This past Friday, the Court denied application for leave to appeal in six cases. Three of those involved a question arising under Padilla v Kentucky, the 2010 United States Supreme Court case holding that it can be ineffective assistance of counsel for a criminal defense attorney to fail to advise his noncitizen client of the immigration consequences of pending criminal charges. Additionally, the Court denied reconsideration in two cases, and it vacated a previous grant of leave to appeal and denied leave to appeal in one case. In the latter, the Court indicated that a jury may discuss a criminal case among itself while the case is ongoing.
In Butirus, Chan, and Chan, three of the denials issued on March 9, Justice Markman issued a concurrence stating that even if Padilla applies retroactively to these cases, in each the defendant failed to present any evidence that he was actually prejudiced by his trial counsel’s failure to advise him concerning the risk of adverse immigration consequences because each failed to establish that he would not have pleaded guilty but for the lack of advice about possible deportation.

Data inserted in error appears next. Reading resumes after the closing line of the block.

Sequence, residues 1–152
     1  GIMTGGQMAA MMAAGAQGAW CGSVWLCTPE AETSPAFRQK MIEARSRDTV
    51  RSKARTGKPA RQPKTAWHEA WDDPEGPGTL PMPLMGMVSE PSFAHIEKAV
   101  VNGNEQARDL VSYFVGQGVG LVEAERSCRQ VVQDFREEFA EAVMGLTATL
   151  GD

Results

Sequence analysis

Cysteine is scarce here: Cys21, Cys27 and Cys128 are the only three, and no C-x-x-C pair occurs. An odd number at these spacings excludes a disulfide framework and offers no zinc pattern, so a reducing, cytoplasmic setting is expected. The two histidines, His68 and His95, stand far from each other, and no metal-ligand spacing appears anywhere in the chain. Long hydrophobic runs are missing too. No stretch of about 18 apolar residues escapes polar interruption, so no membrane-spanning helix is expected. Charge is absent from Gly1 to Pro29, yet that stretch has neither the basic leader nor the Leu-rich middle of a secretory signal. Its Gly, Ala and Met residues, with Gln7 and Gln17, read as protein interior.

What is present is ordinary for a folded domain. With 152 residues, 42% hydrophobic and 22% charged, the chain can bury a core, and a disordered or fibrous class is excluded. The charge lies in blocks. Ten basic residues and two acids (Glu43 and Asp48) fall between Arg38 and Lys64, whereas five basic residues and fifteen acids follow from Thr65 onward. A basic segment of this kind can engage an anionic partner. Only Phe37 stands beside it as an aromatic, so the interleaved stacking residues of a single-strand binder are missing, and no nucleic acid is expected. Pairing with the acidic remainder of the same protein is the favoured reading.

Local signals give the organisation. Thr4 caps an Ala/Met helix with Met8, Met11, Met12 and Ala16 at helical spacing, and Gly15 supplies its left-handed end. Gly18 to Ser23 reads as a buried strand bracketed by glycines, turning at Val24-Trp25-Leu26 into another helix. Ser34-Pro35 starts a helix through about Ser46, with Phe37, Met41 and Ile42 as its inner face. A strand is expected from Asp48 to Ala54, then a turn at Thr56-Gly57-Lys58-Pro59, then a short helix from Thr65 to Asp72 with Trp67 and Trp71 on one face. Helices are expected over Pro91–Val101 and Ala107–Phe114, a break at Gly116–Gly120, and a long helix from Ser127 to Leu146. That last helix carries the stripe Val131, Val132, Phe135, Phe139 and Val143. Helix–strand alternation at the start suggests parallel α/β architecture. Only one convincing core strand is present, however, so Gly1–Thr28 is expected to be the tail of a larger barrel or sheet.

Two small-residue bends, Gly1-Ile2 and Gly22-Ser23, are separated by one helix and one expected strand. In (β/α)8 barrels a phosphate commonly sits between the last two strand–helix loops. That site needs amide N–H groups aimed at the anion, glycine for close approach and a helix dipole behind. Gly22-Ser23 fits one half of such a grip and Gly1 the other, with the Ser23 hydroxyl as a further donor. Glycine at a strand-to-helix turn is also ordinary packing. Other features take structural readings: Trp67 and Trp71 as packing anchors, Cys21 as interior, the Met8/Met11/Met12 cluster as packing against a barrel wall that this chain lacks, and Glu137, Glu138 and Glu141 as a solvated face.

In Richards, the case in which the Court vacated its earlier grant of leave to appeal, involved a criminal case where, under a pilot program instituted by the Court, the jury in a criminal case was permitted to discuss the trial evidence in the jury room while the case was ongoing. Chief Justice Young wrote a concurrence in the vacation and denial, stating that although criminal defendants have a right to an impartial juryand to a fair trial, the Constitution does not require unconditionally that jurors not discuss the case among themselves before the matter is submitted to them for decision.
Justices Kelly and Hathaway each wrote separately in dissent. They conclude that allowing jurors to discuss the evidence before deliberations begin violates a defendant’s Sixth Amendment right to a fair trial and an impartial jury, and accordingly they dissent from the vacation and denial of leave to appeal.
Justice Hathaway concurred in Justice Kelly’s dissent, and wrote separately to emphasize consternation at the Court’s failure to adhere to People v Hunter and to contest the evidence that the pilot program, and predeliberation jury discussions generally, enhance a jury’s ability to reach a fair result